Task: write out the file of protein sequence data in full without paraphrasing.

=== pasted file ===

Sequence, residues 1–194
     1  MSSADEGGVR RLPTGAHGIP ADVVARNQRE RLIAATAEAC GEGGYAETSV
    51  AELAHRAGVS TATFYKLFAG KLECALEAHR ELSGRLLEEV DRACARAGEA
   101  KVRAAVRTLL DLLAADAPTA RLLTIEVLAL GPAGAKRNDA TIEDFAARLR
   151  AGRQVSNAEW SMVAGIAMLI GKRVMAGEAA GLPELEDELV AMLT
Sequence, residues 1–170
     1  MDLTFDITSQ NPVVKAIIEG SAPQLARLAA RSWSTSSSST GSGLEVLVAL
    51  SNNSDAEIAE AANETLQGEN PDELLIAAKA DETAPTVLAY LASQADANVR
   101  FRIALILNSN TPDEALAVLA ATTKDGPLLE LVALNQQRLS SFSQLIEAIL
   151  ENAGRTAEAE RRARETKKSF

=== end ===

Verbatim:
Sequence, residues 1–194
     1  MSSADEGGVR RLPTGAHGIP ADVVARNQRE RLIAATAEAC GEGGYAETSV
    51  AELAHRAGVS TATFYKLFAG KLECALEAHR ELSGRLLEEV DRACARAGEA
   101  KVRAAVRTLL DLLAADAPTA RLLTIEVLAL GPAGAKRNDA TIEDFAARLR
   151  AGRQVSNAEW SMVAGIAMLI GKRVMAGEAA GLPELEDELV AMLT
Sequence, residues 1–170
     1  MDLTFDITSQ NPVVKAIIEG SAPQLARLAA RSWSTSSSST GSGLEVLVAL
    51  SNNSDAEIAE AANETLQGEN PDELLIAAKA DETAPTVLAY LASQADANVR
   101  FRIALILNSN TPDEALAVLA ATTKDGPLLE LVALNQQRLS SFSQLIEAIL
   151  ENAGRTAEAE RRARETKKSF